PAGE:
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Selling or Fishing? The Importance of Assessment in RCIA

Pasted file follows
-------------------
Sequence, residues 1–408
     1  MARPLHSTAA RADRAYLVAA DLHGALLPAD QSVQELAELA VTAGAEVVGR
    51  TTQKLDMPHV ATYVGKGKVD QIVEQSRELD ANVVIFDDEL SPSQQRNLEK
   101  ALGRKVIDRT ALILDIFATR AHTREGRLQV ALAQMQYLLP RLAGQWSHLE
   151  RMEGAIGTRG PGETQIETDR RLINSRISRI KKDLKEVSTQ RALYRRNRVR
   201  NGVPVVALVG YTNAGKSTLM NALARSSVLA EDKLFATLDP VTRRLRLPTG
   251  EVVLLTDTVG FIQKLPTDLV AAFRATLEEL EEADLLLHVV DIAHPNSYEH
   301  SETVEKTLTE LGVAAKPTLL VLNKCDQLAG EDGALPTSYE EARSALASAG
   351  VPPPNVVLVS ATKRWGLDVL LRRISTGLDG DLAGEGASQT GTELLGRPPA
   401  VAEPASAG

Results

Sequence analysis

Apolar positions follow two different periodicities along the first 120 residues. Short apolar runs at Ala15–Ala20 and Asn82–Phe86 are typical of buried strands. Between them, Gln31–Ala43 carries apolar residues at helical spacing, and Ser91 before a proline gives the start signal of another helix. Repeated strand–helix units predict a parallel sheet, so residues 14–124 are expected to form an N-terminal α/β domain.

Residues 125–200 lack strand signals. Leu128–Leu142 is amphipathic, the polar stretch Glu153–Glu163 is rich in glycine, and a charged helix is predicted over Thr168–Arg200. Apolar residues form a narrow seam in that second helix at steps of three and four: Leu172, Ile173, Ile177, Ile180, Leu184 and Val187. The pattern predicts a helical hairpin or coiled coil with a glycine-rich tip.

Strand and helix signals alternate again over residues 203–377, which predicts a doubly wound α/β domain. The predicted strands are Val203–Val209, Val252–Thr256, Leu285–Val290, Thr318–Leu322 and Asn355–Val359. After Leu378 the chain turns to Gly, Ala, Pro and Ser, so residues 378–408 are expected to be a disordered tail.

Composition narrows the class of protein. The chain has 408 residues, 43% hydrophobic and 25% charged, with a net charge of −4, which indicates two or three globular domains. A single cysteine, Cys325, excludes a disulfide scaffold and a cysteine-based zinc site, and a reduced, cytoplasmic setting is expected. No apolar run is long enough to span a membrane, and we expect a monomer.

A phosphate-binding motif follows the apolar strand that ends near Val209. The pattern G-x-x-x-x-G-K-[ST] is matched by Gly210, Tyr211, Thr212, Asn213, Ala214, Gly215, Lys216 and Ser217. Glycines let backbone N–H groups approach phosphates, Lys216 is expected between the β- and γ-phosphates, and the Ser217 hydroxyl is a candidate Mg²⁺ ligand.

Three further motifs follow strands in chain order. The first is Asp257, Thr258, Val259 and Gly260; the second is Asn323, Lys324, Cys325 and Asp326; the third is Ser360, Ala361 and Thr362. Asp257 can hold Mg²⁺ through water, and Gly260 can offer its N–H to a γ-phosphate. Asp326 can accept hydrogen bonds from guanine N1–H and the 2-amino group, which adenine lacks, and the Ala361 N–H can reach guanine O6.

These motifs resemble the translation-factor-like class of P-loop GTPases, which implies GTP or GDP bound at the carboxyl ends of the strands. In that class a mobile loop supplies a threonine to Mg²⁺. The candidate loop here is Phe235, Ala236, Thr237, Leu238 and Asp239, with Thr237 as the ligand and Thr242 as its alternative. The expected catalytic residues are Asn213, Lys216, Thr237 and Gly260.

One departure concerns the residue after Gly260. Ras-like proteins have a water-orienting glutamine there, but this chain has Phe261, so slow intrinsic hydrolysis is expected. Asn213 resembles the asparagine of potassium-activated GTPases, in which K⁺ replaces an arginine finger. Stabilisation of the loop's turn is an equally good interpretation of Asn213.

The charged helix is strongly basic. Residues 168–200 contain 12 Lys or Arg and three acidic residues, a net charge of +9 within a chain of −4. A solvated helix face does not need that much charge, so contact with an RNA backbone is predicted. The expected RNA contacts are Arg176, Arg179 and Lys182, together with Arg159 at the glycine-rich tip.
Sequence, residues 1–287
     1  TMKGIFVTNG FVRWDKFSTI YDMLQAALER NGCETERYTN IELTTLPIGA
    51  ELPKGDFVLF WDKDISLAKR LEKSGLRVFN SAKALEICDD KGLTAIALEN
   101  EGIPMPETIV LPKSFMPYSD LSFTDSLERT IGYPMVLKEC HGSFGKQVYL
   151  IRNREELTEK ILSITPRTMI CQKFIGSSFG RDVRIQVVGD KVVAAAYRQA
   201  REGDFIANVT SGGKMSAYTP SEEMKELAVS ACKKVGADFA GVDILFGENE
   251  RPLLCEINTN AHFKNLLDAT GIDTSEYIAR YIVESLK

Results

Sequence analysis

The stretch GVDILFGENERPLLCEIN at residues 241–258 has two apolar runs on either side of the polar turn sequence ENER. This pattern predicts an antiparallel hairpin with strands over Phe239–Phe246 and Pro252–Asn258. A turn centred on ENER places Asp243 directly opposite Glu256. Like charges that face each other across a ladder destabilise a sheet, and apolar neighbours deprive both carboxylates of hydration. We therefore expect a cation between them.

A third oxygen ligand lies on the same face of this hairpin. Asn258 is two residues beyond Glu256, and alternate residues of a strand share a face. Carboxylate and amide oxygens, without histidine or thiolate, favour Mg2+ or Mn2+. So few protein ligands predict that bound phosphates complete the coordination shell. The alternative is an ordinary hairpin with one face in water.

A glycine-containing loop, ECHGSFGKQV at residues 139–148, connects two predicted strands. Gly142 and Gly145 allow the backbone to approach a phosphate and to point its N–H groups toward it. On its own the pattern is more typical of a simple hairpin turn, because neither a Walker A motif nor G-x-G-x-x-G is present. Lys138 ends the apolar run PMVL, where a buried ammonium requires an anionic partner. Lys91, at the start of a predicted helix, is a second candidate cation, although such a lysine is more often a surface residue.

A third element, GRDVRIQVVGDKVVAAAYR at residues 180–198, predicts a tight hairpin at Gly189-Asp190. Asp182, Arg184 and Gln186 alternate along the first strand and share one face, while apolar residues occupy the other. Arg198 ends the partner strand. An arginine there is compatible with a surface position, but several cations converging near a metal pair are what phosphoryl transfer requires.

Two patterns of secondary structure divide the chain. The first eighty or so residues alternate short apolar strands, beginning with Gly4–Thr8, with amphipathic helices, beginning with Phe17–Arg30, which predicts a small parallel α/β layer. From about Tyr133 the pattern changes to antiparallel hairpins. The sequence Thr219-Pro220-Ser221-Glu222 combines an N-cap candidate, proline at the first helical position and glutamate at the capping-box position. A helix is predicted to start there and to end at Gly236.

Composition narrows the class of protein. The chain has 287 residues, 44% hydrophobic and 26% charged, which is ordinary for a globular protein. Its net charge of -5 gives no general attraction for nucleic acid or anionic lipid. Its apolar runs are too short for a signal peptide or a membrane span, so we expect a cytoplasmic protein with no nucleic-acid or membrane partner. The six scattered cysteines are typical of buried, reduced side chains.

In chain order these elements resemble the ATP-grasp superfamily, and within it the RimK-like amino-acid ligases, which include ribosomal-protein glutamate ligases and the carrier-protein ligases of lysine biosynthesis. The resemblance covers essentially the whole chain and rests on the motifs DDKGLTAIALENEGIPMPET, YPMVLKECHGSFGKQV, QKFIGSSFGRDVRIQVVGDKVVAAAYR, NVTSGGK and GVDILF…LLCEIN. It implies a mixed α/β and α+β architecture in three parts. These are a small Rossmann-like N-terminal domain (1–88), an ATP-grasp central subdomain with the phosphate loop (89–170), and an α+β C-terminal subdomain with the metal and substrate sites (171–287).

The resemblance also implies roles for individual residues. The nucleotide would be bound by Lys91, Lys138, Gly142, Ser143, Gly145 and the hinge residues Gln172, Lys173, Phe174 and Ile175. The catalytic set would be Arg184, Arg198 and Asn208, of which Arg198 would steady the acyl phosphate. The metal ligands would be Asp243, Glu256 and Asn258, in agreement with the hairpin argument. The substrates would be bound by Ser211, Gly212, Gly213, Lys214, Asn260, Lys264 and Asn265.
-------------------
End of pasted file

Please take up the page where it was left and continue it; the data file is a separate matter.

In 2004, I resigned from being a Pentecostal pastor to enter the Catholic Church, and therefore needed to find new employment. The only job I could find was selling cars. Going from pastor to car salesman was an extreme culture shock. In training for my new job, one principle loomed large over all others: no matter what happens, do not let the customer leave without making a purchase. If a customer responded to my sales pitch with “I’m just looking today” or “I need to talk to my wife,” I had a litany of responses close at hand. If a customer was balking at the negotiating table, I was to turn the deal over to a designated “closer,” who was a master at keeping people in their seat. The mission was to make whatever concession necessary to get the customer to say “yes” and close the deal. As I have witnessed the implementation of the Rite of Christian Initiation of Adults (RCIA) in parishes throughout the country, I have seen many RCIA directors who operate like they are selling cars, willing to make any concession as long as the “customer” says “yes.” They seem to operate by the principle that they must never let a participant leave RCIA, no matter what Church teaching they refuse to accept. If participants are cohabitating or unrepentant about sexual transgressions or if they reject important doctrinal teachings, many RCIA directors might say, “No problem.” You support same sex marriage? No problem. You don’t like confession? No problem. I once received a call from a priest, begging for help, because the RCIA director in his parish told him, “We mostly focus on building relationships in RCIA, and we cover the Creed and the moral life in one session.” The Catholic Church does not recommend that we model RCIA on selling cars, but on catching fish.